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East Cape Made Sportfishing History


East Cape Sportfishing Photo

EAST CAPE'S FIRST FISHING RESORT--Herb Tansey (with crutches, left), founder of Rancho Buena Vista, with Western Outdoor News' first Baja Editor Ray Cannon (center), c. 1957. Rancho Buena Vista had opened as one of Baja's first fishing resorts in 1952. Photo reprinted with permission from "The Unforgettable Sea of Cortez," by Gene Kira.


The brief post-World War II period of 1950-1953 was pivotal in the history of sportfishing in Baja California, Mexico, for it saw the establishment not only of Baja's first four great fishing resorts--Rancho las Cruces, Rancho Buena Vista, Flying Sportsmen Lodge, and Hotel los Arcos--but also the brand new, weekly newspaper that would make them all famous in the coming decades, our very own Western Outdoor News, first published on Dec. 3, 1953.

All four of these early pioneering fishing resorts were established by pilots who flew during the war, and for good reason; in those days, you got around in Baja mainly by donkey, in your own long-range yacht...or you flew a small plane.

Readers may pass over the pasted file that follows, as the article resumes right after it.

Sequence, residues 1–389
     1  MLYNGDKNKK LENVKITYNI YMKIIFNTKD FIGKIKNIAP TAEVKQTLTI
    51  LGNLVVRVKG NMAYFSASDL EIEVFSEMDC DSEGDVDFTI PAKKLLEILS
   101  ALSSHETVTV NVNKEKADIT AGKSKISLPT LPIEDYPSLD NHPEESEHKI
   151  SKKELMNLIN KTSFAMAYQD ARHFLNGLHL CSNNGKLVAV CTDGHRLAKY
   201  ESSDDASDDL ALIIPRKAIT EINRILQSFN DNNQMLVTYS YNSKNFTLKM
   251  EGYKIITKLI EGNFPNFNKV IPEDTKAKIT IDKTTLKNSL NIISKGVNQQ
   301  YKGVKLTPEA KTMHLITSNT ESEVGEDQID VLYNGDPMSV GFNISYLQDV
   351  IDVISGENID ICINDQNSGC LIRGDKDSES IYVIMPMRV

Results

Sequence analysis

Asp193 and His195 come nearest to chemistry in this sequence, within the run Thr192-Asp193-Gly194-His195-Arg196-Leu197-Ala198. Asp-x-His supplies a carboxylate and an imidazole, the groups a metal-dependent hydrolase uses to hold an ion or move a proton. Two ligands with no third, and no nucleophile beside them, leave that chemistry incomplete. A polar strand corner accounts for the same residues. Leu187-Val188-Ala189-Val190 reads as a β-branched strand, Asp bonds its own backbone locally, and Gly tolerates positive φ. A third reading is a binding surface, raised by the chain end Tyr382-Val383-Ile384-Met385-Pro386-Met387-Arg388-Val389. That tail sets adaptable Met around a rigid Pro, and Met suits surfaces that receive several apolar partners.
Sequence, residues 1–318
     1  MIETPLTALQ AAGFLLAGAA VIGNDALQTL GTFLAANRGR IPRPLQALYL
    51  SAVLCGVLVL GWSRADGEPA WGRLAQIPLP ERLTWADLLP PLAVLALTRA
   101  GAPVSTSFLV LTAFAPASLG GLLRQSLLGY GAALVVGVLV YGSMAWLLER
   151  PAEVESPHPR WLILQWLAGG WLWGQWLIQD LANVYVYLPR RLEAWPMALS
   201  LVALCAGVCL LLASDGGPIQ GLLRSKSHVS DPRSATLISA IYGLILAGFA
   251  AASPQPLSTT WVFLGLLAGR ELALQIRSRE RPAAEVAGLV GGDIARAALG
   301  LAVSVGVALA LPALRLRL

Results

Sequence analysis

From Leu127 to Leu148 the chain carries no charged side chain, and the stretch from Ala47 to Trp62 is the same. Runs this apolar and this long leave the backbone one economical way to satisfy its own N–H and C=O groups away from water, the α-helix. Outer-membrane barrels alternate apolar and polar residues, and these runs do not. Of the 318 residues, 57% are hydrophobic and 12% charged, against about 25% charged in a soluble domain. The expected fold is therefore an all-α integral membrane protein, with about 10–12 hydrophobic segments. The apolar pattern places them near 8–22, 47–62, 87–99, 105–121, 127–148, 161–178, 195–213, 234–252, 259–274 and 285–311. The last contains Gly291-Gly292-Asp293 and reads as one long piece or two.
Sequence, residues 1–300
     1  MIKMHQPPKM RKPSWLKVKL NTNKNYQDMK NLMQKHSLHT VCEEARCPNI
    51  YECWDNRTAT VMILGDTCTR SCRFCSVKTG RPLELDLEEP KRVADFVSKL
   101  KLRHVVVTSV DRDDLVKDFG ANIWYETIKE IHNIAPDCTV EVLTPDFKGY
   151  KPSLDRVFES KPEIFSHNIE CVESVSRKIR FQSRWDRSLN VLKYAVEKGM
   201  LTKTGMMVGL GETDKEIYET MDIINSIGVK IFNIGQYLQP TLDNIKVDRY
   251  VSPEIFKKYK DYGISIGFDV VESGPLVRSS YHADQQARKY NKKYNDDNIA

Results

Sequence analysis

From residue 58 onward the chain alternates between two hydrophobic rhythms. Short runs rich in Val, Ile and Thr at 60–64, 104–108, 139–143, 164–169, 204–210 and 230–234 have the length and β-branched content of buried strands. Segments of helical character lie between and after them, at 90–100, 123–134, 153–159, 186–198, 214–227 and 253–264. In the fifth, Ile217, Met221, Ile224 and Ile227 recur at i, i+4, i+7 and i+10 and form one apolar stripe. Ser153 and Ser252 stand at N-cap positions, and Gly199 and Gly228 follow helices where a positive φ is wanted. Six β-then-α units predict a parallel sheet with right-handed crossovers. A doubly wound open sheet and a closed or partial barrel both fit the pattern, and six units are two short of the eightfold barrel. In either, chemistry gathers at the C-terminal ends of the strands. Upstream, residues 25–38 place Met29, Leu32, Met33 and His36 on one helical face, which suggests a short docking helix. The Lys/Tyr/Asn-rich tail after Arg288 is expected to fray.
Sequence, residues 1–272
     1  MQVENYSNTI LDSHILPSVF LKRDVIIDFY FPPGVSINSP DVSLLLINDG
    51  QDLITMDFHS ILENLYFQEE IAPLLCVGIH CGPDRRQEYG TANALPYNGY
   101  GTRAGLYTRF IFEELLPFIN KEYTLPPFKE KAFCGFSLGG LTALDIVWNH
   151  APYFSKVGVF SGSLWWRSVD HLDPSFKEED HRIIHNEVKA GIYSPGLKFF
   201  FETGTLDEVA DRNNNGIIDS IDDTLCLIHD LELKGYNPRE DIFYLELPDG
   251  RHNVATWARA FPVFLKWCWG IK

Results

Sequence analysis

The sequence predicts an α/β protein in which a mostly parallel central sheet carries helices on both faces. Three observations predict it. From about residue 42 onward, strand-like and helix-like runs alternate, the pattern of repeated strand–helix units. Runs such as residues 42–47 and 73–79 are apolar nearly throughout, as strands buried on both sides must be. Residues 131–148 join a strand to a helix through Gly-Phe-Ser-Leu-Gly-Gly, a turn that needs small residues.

In those days, southern Baja had almost no people, no highway, no international airports, and not even any marinas. But what it did have was fish, mind-bogging quantities of fish of every description and size, and nowhere in Baja were there more fish to be caught than in the sportfishing area that today we call "East Cape."

This short stretch of coastline--only 70 miles or so--is the meeting place between the Sea of Cortez and the vast Pacific Ocean, and its rich currents support not only Pacific North America's only living coral reef at Cabo Pulmo, but also a series of drop-offs and deep water canyons that form a seasonal underwater "fishway" for fish migrations into and out of the upper Cortez.

But amazingly, even as late as 1950, virtually nobody was sportfishing at East Cape, except for a few very adventurous pilots who landed on beaches and dirt fields, and convinced goat ranchers to take them fishing in small, rowed skiffs.